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5 Takeaways From The Equal Pay Debate

President Obama, pictured here with Lilly Ledbetter, and congressional Democrats are working the equal pay issue hard in a midterm election year when they will need as many women to vote as possible.
Carolyn Kaster
President Obama, pictured here with Lilly Ledbetter, and congressional Democrats are working the equal pay issue hard in a midterm election year when they will need as many women to vote as possible.

This was the week that included Equal Pay Day, the point on the 2014 calendar to which the average female worker must work to match the average man's 2013 pay.

To mark the occasion, President Obama held a White House event Tuesday to sign executive orders aimed at providing more transparency about what federal contractors pay their workers. Meanwhile, Senate Democrats held a vote on the Paycheck Fairness Act, which failed in a vote that largely fell along partisan lines — the third time that's happened.

After a week of Democratic charges and Republican countercharges concerning who cares most about women, here's what we learned:

  • Republicans found what seemed to be an effective response to Democrats on the equal pay issue: Senate Republicans had their female members take the lead in offering alternatives to Democratic proposals. One of those women, Deb Fischer of Nebraska, offered what she said would be a more effective legislative solution than the Democrats' Paycheck Fairness Act. While neither side's legislation went anywhere, the move allowed Republicans to provide at least some insulation against charges that the party doesn't care about women making less than men for doing the same work.
  • Democrats need to better anticipate Republican counterattacks. When the American Enterprise Institute issued an analysis of White House pay that found that women on the White House staff earned 88 percent of men's earnings, it appeared to catch the White House flat-footed. Ditto when Senate Republicans issued a similar analysis for Senate Democrats in very competitive races this year. White House press secretary Jay Carney responded that at least the White House was doing better on that measure than "the public at large" — since President Obama has said women generally earn 77 percent of what men do. That answer immediately struck many ears as tone-deaf, and a bit hypocritical.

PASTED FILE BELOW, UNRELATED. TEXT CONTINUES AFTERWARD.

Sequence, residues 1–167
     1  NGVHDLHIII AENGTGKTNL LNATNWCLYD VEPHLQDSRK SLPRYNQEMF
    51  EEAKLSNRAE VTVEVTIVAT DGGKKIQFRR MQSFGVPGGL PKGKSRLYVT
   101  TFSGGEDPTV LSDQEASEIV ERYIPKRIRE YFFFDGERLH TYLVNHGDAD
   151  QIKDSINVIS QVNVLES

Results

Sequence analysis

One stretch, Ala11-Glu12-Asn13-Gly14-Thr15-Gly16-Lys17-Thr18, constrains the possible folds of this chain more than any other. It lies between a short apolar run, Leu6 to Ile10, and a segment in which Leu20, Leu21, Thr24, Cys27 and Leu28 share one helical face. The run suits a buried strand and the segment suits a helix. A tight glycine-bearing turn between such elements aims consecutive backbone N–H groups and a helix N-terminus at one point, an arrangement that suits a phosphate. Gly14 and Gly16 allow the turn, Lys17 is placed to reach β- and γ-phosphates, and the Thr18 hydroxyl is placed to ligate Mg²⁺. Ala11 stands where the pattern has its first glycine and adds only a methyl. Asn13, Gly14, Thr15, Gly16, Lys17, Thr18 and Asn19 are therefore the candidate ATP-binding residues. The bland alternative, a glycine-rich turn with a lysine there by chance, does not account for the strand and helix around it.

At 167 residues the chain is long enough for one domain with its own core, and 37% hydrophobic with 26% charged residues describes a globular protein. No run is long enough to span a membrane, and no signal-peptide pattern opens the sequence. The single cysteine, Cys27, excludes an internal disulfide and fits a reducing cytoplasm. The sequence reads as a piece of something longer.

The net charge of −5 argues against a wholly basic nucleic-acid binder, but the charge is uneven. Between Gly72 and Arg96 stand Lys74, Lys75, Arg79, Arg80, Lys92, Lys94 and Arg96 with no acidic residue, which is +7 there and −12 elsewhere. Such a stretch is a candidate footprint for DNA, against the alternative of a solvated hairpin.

• And about that 77 percent — President Obama is not backing off that figure. Experts and fact checkers have pointed out, to no avail, that the number is just one way of describing the gap, and not necessarily the most accurate. By other valid measures, such as the wage gap, it is significantly narrower. But White House officials are making a political case to voters, not a statistical one to economists. So despite the criticisms, they continue to use the most dramatic data.
  • The paycheck equality issue might have boomeranged a bit on Democrats, but at least they got the video — and Republican "no" votes — they sought for their midterm campaign ads. As Democrats try to boost turnout, especially among single female voters, they're intent on drawing a contrast this year on women's issues. In ads, expect to see Lilly Ledbetter — the Rosa Parks of pay equity, who was there when Obama signed two executive orders on Equal Pay Day.
  • We haven't heard the last about the equal pay issue on Capitol Hill this year. Sen. Barbara Mikulski of Maryland, author of the Democrats' bill, said the issue wasn't over, and Senate Majority Leader Harry Reid, D-Nev., indicated he was open to pressing the issue again. Meanwhile, Senate Republicans indicated they also expected that the issue wasn't going away this election year. So expect more competing photo ops on the issue with Democratic and Republican women at the fore.
  • Copyright 2021 NPR. To see more, visit https://www.npr.org.

    Frank James joined NPR News in April 2009 to launch the blog, "The Two-Way," with co-blogger Mark Memmott.